Past Experience — Pratt finally got himself healthy in 2011 and experienced some breakout games. Emerging as the most reliable receiver on the roster behind Mohamed Sanu, Pratt used his solid skill-set to catch 32 passes for 327 yards and his first career touchdown.
Pratt started five games and has 22 appearances in his career.
As a Recruit — Out of Palmyra (N.J.), Pratt was a two-star defensive back in the class of 2009. A December addition to the class, Pratt picked Rutgers over offers from Duke, Akron, Army and FCS powerhouse Delaware.
Spring Performance — Pratt was solid in the spring. He did the same things that got him on the field last season, but did not seem to have elevated his game to another level.
For smaller receivers like Pratt, getting out of the spring healthy and helping the quarterbacks make progress is most important. In that sense, it was mission accomplished.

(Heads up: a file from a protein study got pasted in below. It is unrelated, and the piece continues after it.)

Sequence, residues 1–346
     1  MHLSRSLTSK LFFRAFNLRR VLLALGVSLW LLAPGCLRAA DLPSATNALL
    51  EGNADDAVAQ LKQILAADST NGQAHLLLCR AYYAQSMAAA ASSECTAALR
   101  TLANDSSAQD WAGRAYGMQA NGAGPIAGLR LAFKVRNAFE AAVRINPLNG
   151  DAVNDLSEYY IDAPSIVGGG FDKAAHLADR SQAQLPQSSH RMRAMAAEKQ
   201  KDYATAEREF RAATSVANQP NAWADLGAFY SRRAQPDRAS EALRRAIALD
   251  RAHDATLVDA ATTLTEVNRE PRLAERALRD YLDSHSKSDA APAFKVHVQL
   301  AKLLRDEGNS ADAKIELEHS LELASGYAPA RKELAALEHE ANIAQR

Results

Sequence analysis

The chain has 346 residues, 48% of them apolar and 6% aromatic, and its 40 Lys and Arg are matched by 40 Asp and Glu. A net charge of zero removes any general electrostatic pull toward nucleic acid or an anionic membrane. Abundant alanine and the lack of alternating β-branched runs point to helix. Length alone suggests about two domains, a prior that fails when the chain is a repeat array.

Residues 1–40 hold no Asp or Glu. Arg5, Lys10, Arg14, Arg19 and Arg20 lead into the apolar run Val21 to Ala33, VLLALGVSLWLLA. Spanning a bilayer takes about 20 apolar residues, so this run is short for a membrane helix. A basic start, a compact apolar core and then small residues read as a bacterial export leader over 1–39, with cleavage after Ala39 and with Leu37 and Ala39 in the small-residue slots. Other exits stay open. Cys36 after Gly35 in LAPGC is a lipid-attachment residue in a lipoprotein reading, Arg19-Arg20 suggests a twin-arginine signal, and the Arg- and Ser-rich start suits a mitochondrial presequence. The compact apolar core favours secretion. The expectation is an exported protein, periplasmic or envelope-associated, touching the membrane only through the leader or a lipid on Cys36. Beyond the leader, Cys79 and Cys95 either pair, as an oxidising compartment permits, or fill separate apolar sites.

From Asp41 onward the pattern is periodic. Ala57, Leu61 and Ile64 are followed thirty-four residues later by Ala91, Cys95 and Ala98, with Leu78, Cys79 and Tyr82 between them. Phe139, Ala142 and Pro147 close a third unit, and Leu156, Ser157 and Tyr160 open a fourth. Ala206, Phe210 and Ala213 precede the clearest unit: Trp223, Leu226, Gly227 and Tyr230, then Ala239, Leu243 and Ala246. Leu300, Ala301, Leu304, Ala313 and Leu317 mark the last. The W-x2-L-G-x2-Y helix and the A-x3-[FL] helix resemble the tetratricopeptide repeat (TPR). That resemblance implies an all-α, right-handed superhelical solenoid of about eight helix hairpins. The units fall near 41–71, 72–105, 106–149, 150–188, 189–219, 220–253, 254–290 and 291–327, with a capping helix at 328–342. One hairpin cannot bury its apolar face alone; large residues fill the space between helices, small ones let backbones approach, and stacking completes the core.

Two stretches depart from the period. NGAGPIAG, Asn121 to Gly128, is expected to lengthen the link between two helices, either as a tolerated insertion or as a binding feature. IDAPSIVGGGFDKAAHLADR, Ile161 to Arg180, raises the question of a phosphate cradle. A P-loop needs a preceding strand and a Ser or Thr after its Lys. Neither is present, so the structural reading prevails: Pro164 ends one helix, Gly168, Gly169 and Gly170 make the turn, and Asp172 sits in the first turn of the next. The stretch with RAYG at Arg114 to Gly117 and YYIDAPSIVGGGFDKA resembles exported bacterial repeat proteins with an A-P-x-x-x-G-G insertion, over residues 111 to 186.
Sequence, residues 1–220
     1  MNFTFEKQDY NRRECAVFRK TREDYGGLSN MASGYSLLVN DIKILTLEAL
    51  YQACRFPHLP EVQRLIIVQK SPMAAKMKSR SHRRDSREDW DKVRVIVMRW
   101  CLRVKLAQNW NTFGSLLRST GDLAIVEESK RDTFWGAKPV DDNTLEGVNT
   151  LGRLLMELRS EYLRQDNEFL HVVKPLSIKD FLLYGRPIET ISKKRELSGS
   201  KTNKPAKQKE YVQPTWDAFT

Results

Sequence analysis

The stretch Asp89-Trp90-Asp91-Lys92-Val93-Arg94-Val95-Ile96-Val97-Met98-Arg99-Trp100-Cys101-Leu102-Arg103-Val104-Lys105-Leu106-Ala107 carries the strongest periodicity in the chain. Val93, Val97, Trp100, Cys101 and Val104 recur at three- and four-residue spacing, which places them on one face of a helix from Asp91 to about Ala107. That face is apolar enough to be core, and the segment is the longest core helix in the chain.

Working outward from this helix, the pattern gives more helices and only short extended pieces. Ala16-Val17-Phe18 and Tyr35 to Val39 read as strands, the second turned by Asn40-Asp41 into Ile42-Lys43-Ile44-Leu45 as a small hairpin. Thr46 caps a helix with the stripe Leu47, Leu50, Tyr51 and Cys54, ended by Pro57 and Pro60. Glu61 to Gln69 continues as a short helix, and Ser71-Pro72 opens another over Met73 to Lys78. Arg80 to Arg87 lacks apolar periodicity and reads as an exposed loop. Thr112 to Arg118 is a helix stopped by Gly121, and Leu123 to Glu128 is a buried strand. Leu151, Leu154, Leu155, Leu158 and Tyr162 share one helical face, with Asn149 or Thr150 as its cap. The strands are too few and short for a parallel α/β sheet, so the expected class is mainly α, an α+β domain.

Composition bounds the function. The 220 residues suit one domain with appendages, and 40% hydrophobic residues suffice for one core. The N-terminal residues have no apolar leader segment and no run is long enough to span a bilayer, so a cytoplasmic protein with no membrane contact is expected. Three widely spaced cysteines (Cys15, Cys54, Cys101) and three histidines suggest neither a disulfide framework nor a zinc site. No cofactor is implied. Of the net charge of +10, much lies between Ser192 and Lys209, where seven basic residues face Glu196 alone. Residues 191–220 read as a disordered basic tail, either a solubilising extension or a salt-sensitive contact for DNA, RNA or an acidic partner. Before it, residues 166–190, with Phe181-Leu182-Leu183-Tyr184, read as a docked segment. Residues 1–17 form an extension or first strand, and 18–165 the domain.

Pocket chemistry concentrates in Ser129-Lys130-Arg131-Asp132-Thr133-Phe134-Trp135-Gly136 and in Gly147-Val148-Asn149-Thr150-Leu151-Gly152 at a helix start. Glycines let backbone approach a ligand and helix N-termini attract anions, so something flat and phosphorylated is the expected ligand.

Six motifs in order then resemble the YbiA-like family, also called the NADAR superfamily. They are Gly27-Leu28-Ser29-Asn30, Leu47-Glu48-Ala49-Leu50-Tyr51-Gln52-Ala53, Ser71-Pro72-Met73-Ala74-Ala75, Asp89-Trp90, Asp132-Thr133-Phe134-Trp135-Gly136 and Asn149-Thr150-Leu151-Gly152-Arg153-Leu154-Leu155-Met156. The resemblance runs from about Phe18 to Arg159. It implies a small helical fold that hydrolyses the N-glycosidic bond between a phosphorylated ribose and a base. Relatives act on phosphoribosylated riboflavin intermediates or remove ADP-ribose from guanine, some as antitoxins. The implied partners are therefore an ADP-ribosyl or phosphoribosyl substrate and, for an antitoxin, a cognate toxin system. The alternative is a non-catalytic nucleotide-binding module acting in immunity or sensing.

Does Well — Pratt will be a safety blanket for whichever quarterback wins the job. He is a hard worker and solid, but not spectacular in most aspects. He has good hands, runs solid routes and keeps plays alive by coming back to the football.
Pratt's most underrated aspect, however, is his blocking. Remember Joe Martinek's big touchdown off the screen pass last year? That was dead in the backfield without an impressively held block by Pratt against a cornerback.
Needs to Improve — Pratt is a good possession receiver but can be more than that. With his hands and experience, Pratt can be a threat in the red-zone. Quarterbacks Gary Nova and Chas Dodd have both shown a comfort level in going to Pratt, so emerging as a red-zone threat will take his game to the next level.
Long-Term Outlook — Pratt's size and athleticism do not bode well as an NFL prospect, but he has two years left to turn himself into a really good college player. Staying healthy is step one, but Pratt is the leading returning receiver from last season and doubling his numbers in 2012 is not out of the question.